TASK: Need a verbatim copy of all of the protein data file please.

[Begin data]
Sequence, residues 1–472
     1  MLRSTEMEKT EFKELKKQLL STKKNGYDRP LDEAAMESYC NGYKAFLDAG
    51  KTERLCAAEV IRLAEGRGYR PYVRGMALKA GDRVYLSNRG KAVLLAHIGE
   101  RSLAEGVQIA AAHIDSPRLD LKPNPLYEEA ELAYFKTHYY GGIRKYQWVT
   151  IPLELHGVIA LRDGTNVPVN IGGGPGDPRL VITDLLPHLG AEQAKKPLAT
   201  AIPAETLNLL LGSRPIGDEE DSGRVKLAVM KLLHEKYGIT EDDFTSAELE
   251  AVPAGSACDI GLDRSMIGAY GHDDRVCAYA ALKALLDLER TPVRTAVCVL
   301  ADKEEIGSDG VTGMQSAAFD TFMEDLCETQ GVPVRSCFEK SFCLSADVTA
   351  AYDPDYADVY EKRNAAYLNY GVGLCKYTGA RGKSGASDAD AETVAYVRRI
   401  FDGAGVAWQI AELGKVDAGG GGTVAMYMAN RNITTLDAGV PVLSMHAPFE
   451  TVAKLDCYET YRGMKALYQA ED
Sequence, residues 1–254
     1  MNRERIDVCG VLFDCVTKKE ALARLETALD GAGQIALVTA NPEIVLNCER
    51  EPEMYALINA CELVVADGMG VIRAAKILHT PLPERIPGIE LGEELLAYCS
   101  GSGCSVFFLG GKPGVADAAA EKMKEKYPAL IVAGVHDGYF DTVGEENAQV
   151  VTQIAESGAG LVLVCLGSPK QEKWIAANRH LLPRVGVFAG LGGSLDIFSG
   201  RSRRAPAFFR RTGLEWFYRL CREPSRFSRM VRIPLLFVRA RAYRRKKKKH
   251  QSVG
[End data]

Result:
Sequence, residues 1–472
     1  MLRSTEMEKT EFKELKKQLL STKKNGYDRP LDEAAMESYC NGYKAFLDAG
    51  KTERLCAAEV IRLAEGRGYR PYVRGMALKA GDRVYLSNRG KAVLLAHIGE
   101  RSLAEGVQIA AAHIDSPRLD LKPNPLYEEA ELAYFKTHYY GGIRKYQWVT
   151  IPLELHGVIA LRDGTNVPVN IGGGPGDPRL VITDLLPHLG AEQAKKPLAT
   201  AIPAETLNLL LGSRPIGDEE DSGRVKLAVM KLLHEKYGIT EDDFTSAELE
   251  AVPAGSACDI GLDRSMIGAY GHDDRVCAYA ALKALLDLER TPVRTAVCVL
   301  ADKEEIGSDG VTGMQSAAFD TFMEDLCETQ GVPVRSCFEK SFCLSADVTA
   351  AYDPDYADVY EKRNAAYLNY GVGLCKYTGA RGKSGASDAD AETVAYVRRI
   401  FDGAGVAWQI AELGKVDAGG GGTVAMYMAN RNITTLDAGV PVLSMHAPFE
   451  TVAKLDCYET YRGMKALYQA ED
Sequence, residues 1–254
     1  MNRERIDVCG VLFDCVTKKE ALARLETALD GAGQIALVTA NPEIVLNCER
    51  EPEMYALINA CELVVADGMG VIRAAKILHT PLPERIPGIE LGEELLAYCS
   101  GSGCSVFFLG GKPGVADAAA EKMKEKYPAL IVAGVHDGYF DTVGEENAQV
   151  VTQIAESGAG LVLVCLGSPK QEKWIAANRH LLPRVGVFAG LGGSLDIFSG
   201  RSRRAPAFFR RTGLEWFYRL CREPSRFSRM VRIPLLFVRA RAYRRKKKKH
   251  QSVG